While this roast cauliflower recipe doesn’t exist in the Middle East, it tastes of the Middle East of my memories and my culinary imagination. I’ll be sharing more of these kinds of recipes if you’ll indulge me. But for now just a few tips to making this roasted cauliflower recipe.
Tips to Making this Roasted Cauliflower Recipe with Hummus, Crispy Chickpeas, Pickled Shallots and Mint
I only have a handful of tips to making this roasted cauliflower recipe of cauliflower florets, as it’s super easy and most of the preparation is down while the cauliflower is roasting in the oven. Having said that, you could make the hummus and pickled shallots a day ahead, as both will keep for a few days in the fridge.
But first let me tell you about the roasted cauliflower. I suggest using a silicone pastry brush to brush a thin coating of extra virgin olive oil on a baking tray to avoid wastage. (I don’t use olive oil sprays as aerosol cans are harmful to the environment.)
I recommend combining the olive oil, spices and seasoning in a small bowl, stirring well to incorporate, then using the pastry brush to brush the spiced olive oil onto each floret, ensuring you cover all sides and every crevice for maximum flavour, as much as minimising wastage.
When it comes to the spices, I’ve opted for ground cumin, which is used in a lot of Middle Eastern cooking, and ground star anise, which has fennel notes, but ground fennel would be more authentic flavour-wise.
Likewise, my roasted cauliflower recipe calls for the quintessential Middle Eastern spice, ground sumac, to fry the chickpeas in, but I’ve used sweet paprika instead as we can’t source sumac here either. Sumac also has citrus notes, and lemon juice is also nice squeezed on this dish after plating it.
I like to break up the cauliflower into varying sizes of florets for different textures. I roast the cauliflower on high heat for around 25-30 minutes until the largest florets are golden brown, and should taste juicy and still a little firm, while the smallest florets will be dark brown and some will be charred and they’ll be soft and almost caramelised.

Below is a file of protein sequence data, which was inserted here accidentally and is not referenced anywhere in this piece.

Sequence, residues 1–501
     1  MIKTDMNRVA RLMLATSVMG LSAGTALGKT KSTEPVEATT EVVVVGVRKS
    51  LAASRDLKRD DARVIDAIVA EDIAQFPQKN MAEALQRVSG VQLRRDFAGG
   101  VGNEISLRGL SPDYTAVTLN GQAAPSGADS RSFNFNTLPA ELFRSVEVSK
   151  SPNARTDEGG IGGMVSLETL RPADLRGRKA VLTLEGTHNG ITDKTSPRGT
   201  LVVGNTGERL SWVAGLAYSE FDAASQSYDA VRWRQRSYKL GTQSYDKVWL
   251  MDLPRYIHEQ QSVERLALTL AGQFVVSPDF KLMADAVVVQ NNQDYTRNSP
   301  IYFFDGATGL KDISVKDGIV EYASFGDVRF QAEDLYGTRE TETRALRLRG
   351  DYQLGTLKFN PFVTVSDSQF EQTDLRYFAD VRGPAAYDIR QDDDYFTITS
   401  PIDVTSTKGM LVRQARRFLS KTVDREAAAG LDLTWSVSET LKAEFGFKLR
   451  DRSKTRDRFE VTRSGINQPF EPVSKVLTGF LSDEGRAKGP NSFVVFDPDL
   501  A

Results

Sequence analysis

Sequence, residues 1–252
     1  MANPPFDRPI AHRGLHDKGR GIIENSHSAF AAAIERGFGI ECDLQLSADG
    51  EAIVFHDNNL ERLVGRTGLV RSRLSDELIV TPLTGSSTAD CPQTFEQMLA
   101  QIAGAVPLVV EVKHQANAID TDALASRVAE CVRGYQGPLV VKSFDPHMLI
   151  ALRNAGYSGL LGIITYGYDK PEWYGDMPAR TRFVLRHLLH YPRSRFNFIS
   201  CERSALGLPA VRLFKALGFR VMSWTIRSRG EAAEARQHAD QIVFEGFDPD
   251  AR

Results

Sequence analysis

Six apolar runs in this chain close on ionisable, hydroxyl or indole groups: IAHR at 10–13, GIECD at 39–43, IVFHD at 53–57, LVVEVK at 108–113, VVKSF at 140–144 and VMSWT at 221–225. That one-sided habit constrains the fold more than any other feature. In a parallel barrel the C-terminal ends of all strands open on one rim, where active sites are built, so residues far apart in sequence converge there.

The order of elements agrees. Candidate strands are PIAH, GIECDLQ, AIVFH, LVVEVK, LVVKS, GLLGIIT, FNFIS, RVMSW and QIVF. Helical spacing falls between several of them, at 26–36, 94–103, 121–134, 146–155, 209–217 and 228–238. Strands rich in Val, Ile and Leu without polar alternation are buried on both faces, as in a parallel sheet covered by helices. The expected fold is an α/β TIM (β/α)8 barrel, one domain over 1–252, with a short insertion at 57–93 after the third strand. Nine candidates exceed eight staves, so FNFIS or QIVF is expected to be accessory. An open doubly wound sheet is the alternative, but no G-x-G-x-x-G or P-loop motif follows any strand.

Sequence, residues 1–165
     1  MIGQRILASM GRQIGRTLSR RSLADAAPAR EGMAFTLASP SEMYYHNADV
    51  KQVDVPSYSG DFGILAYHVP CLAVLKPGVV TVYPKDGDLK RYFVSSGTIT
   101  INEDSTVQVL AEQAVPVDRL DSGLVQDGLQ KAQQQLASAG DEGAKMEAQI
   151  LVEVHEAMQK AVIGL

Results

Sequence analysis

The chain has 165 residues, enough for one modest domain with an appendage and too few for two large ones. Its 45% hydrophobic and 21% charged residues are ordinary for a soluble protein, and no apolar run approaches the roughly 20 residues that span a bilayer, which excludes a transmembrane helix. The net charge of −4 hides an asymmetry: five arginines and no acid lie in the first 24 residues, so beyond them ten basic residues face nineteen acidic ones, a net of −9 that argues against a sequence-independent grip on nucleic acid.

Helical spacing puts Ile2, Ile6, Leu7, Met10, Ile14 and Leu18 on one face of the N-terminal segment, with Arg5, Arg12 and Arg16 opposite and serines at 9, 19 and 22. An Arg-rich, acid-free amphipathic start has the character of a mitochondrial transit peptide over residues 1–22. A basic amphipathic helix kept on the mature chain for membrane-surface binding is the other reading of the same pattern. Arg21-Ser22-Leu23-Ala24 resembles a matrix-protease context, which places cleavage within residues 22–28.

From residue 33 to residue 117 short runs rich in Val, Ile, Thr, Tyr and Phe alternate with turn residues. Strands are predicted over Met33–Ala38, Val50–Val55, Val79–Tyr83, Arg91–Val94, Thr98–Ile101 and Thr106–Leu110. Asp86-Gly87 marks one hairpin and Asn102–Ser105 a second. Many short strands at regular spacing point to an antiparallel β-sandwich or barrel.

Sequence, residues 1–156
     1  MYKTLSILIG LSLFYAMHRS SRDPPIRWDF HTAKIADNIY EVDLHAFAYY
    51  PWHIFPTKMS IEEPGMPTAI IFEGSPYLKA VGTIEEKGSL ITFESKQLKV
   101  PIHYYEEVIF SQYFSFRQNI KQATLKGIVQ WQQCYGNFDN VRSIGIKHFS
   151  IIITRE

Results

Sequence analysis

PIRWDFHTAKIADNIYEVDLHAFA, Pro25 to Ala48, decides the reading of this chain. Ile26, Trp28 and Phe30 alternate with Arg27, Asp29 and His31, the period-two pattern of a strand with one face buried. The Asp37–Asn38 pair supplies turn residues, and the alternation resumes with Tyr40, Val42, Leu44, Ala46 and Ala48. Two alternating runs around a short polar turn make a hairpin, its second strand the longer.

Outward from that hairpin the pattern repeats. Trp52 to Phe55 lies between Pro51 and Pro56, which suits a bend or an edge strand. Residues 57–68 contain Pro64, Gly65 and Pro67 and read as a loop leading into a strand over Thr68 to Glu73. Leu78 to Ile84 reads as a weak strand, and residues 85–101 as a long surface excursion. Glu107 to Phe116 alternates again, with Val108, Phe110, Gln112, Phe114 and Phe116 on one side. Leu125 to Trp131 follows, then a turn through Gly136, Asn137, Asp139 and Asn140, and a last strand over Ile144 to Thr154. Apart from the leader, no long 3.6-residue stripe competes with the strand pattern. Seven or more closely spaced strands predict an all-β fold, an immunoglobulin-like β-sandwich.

As for the hummus, of course you can use store-bought hummus, but we think our hummus recipe makes a better tasting hummus. It literally takes minutes to make if you use canned chickpeas and throw those and the other ingredients into a food processor or blender. You can also use dried chickpeas which you’ll need to soak overnight.
Use this pickled shallots recipe. While it’s a Mexican recipe, these taste exactly like the pickled onions our favourite Lebanese restaurant in Abu Dhabi served. I make these regularly in vintage mason jars or clip-top Kilner jars, and always have some in the fridge.
I use a cider vinegar or distilled white vinegar, or sometimes a combination of the two. For your salt, I recommend a sea salt or Kosher salt. Don’t use a fine grained table salt or iodised salt as this generally contains potassium iodide, dextrose and chemicals such as calcium silicate, sodium silicoaluminate, etc.
If you’re not a fan of pickled onions, try this quick pickled red cabbage recipe instead, just drain the cabbage you’re going to use, so pink puddles don’t form around the pieces. Fresh mint is an obvious choice for a Middle Eastern inspired dish, but fresh coriander and dill also works.
Roasted Cauliflower Recipe with Hummus, Crispy Chickpeas, Pickled Shallots and Mint
- ⅓ cup extra virgin olive oil
- ½ tsp ground cumin
- ¼ tsp ground star anise
- ¼ tsp chilli flakes
- ¼ tsp salt - or to taste
- 800 g cauliflower - sliced into different sized florets
- 200 g hummus
- 50 g chickpeas - drained, peeled, patted dry
- ¼ tsp ground paprika or sumac
- 1 tsp neutral cooking oil
- 50 g pickled shallots - drained
- 1 tbsp fresh mint leaves
- Heat oven to 220°C (428°F).
- Use a silicone pastry brush to brush a thin coating of olive oil on a baking tray.
- Combine the olive oil, spices and seasoning in a small bowl, stirring well to incorporate.
- Spread the cauliflower florets onto the tray then use the pastry brush to brush the spiced olive oil onto each floret, ensuring you cover all sides and every crevice.
- Slide the tray into the oven and roast for 25-30 minutes or until the largest florets are golden brown, then carefully turn the florets over and roast for another 5 minutes.
- While the cauliflower is roasting prepare the hummus if making homemade hummus, using this recipe, ensuring you set 50 g of chickpeas aside.
- In a small pan, heat the oil until hot, add the 50g chickpeas and ground paprika or sumac, and shake the pan ensuring the chickpeas are covered in oil and spice. Continue to fry, keeping the chickpeas moving until crispy, then set aside.
- Spread the hummus out onto a large serving plate, top with the roasted cauliflower florets, sprinkle on the crispy chickpeas, pickled shallots, and fresh mint, and serve immediately while the cauliflower is warm.
Please do let us know in the comments below if you make our roasted cauliflower recipe as we’d love to hear how it turns out for you.